Economic patriotism would say that instead of protecting corporations that are shipping jobs overseas, let’s make sure they’re paying their fair share of taxes, let’s reward American workers and businesses that hire them. Let’s put people to work rebuilding America. Let’s invest in manufacturing, so the next generation of good manufacturing jobs are right here, made in the USA. That would be something to celebrate on the 4th of July.
Economic patriotism says that instead of stacking the deck in the favor of folks just at the top, let’s harness the talents and ingenuity of every American and give every child access to quality education, and make sure that if your job was stamped obsolete or shipped overseas, you’re going to get retrained for an even better job.
Economic patriotism says that instead of making it tougher for middle-class families to get ahead, let’s reward hard work for every American. Let’s make sure women earn pay that’s equal to their efforts. Let’s make sure families can make ends meet if their child gets sick and they need to take a day off. Let’s make sure no American who works full-time ever has to live in poverty.
Excuse me, but corporations are not just shipping jobs overseas, but moving their headquarters overseas — as a direct result of American corporate taxes being the highest in the world. In the first place, corporations don’t really pay taxes. If taxes go up, they raise their prices, or cut their offering. Taxes are passed through to the consumer. They are a cost of doing business.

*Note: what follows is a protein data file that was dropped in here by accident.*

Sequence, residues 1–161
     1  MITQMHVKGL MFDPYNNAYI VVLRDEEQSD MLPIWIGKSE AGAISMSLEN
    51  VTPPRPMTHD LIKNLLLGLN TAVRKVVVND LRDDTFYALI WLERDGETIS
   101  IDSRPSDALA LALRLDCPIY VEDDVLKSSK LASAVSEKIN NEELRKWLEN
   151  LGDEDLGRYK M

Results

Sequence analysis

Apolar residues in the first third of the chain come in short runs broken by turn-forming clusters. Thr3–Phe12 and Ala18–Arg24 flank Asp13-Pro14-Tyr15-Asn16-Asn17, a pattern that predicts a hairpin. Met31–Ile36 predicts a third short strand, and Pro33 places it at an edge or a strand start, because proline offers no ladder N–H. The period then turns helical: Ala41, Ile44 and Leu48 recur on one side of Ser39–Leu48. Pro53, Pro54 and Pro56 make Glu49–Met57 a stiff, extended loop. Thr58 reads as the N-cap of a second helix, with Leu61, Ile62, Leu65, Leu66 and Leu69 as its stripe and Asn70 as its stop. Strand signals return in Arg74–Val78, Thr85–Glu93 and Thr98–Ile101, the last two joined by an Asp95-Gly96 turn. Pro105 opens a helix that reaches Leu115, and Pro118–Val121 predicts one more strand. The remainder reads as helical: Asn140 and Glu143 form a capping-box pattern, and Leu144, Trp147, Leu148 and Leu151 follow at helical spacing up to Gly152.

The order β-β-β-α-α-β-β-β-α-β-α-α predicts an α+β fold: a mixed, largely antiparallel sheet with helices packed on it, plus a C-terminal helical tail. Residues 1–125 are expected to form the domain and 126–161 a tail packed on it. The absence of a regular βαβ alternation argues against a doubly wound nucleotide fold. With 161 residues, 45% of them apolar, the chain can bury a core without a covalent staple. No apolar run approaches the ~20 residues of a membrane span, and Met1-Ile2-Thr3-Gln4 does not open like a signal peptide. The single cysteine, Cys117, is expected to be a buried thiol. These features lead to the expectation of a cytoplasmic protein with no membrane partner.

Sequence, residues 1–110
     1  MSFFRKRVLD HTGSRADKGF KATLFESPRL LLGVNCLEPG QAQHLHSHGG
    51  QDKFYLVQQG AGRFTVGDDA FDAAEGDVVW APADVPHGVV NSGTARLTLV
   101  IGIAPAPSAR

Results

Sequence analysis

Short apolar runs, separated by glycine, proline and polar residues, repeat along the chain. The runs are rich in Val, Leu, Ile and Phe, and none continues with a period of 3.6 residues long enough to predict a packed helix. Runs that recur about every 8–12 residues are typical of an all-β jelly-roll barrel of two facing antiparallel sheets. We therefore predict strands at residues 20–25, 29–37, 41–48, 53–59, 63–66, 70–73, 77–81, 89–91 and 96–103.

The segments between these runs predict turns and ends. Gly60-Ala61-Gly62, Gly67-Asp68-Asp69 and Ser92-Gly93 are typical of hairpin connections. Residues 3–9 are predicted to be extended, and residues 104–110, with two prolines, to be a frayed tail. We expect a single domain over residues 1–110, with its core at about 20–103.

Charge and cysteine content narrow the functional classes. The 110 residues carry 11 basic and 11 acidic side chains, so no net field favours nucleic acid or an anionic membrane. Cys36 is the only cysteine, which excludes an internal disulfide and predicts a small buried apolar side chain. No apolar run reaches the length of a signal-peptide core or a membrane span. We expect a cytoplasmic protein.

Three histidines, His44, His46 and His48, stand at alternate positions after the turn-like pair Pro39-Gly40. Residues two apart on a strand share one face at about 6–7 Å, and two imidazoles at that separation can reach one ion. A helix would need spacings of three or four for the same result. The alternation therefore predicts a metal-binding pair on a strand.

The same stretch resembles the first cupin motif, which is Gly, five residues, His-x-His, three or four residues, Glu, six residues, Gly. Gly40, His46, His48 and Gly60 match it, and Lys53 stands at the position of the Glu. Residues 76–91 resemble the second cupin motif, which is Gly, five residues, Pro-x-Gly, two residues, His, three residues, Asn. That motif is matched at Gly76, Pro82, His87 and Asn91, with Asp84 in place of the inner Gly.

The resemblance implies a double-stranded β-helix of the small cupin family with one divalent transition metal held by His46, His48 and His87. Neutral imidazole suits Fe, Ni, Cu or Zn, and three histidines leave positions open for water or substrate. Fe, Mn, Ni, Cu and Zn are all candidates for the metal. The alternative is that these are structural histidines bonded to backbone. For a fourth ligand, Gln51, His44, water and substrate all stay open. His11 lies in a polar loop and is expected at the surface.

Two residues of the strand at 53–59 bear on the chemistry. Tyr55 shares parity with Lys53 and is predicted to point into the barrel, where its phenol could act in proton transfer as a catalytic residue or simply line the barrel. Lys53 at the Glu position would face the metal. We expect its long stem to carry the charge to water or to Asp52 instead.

The US corporate tax rate at 39% is the highest in the world, and applies not only to income earned here at home, but to profits made by US companies overseas. It makes American businesses more vulnerable to foreign takeovers. The tax code limits job creation because it encourages US firms to keep foreign earnings overseas and away from the US tax collector. Medtronic is buying Dublin-based Covidin. The corporate tax rate in Ireland is 12.5%. Add in the ObamaCare tax on medical devices and Medtronic says taxes were a major factor in sealing the deal. We were a lower-than average corporate income tax nation in the early 1990s. The average among industrialized nations is 25%.